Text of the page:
Harli Jordean began his obsessession with marbles at age six. In 2011, Harli was named the world’s youngest CEO at the age eight. His company Marble King, now sells speciality marbles at a price tag of up to $1000 US dollars. But what if you are not like Harli and don’t find your calling until much later in life? Later in life may be long after you’ve graduated from college and even after you’d worked in a career that you eventually realize you don’t love. But that’s ok. Like the old addage goes, “No time better than the present.”
Jeffery Brotman launched the bulk food warehouse Costco at the age 40 – that’s right – 40. I am sure you’ve heard plenty of people say that if you haven’t made it by 40, you probably won’t. Had Mr. Brotman believed that, we wouldn’t be shopping and saving in bulk at the ninth largest retailer in the world.
But Mr. Brotman isn’t the only person to find true genuis later in life. Henry Royce found his even later, founding the Rolls-Royce brand with partner Charles Rolls in 1904 at the age of 43.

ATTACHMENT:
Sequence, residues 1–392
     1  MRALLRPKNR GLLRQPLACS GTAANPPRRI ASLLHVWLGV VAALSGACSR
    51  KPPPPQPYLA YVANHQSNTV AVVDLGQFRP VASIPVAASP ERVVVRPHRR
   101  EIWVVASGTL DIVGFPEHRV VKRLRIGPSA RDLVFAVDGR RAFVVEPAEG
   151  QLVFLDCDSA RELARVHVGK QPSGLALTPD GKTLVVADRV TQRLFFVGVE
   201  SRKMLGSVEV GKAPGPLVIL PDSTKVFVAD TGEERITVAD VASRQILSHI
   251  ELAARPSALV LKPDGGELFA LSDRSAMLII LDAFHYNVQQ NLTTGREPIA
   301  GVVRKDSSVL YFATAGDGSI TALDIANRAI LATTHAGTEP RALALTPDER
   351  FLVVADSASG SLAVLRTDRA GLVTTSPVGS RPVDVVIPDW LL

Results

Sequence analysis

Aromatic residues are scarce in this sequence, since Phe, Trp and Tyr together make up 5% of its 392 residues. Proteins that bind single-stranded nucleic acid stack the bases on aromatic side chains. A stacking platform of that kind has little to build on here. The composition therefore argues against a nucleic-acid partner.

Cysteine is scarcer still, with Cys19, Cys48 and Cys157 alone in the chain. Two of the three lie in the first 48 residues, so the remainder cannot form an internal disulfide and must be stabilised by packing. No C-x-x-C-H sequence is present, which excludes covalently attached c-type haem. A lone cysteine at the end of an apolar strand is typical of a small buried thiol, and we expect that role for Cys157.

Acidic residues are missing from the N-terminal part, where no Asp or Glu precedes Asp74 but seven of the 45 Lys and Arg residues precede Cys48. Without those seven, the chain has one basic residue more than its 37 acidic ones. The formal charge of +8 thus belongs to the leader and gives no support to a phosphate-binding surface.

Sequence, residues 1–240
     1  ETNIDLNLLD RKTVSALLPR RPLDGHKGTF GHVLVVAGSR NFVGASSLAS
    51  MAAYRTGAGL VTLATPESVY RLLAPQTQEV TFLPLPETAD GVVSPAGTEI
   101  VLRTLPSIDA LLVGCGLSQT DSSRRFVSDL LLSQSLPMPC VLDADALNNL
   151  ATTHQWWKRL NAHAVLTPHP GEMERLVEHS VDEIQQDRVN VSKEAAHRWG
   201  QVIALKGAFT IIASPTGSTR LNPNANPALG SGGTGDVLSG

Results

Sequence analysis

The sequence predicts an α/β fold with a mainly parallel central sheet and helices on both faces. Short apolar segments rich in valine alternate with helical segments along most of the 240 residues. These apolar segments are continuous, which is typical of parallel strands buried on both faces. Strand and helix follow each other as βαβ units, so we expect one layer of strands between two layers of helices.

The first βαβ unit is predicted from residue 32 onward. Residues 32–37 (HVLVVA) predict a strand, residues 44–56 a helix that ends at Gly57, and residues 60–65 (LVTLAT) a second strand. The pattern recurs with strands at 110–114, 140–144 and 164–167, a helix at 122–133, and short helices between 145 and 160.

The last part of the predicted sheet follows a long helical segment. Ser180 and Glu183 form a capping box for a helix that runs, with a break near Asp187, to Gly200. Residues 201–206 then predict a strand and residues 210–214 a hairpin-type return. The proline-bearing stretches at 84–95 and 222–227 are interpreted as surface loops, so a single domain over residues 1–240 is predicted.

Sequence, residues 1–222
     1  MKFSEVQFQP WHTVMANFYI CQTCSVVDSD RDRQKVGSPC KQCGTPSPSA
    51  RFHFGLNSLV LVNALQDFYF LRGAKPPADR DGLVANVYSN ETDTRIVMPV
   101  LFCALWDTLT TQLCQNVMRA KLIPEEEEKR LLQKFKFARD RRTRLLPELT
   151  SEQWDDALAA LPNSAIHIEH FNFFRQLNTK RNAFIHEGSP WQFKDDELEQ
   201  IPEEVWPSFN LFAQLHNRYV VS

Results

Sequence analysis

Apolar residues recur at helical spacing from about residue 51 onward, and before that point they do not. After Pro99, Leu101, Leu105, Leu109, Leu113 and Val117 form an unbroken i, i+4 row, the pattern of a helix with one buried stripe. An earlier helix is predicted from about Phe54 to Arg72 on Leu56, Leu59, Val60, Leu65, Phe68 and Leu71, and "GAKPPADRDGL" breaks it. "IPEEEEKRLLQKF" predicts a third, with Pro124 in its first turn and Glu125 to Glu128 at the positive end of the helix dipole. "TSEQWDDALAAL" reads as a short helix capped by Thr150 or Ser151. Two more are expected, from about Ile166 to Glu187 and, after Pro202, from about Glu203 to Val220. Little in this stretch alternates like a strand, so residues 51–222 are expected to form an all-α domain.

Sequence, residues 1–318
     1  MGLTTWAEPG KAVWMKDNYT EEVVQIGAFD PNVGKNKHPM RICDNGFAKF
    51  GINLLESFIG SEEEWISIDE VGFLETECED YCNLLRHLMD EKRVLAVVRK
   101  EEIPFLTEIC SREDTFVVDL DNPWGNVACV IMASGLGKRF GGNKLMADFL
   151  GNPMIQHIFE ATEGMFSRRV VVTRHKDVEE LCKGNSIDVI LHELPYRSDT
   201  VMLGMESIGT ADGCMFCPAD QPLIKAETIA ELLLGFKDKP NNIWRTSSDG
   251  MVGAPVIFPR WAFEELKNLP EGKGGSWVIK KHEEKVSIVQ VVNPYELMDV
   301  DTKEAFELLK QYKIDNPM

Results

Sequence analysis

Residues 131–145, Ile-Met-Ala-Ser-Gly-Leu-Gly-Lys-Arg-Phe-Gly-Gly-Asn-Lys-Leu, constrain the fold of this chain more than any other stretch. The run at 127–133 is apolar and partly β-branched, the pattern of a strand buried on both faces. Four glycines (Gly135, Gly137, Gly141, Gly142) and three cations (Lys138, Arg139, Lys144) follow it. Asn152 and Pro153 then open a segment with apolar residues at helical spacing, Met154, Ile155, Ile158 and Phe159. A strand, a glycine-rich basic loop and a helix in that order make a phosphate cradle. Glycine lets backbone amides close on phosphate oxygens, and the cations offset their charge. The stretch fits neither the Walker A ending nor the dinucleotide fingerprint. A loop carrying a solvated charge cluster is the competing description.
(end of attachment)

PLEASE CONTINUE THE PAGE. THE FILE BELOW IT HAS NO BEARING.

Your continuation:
Still not conviced? Sam Walton started the Walmart brand empire, also affectionately known as “Wally World” at the age of 44. In 2014 Walmart was named #19 on Forbes list of the world’s most valuable brands.
And the list goes on and on. In fact, there are more incredible examples included in the infographic featured here, which was created by information designer Anna Vital at startup organization Funders and Founders. You can peruse to find examples up to and including Charles Flint, who launched IBM at age 61, here.
Still thinking that you might be behind the curve ball in starting a new endeavor? Clearly you are selling yourself and your dreams short. Think about so many of the products and services that we have come to love and how old the genius was when he or she created it. Looks like you’ve got plenty of time. Just go for it!
Featured photo credit: FundersandFounders/AnaVital via fundersandfounders.com
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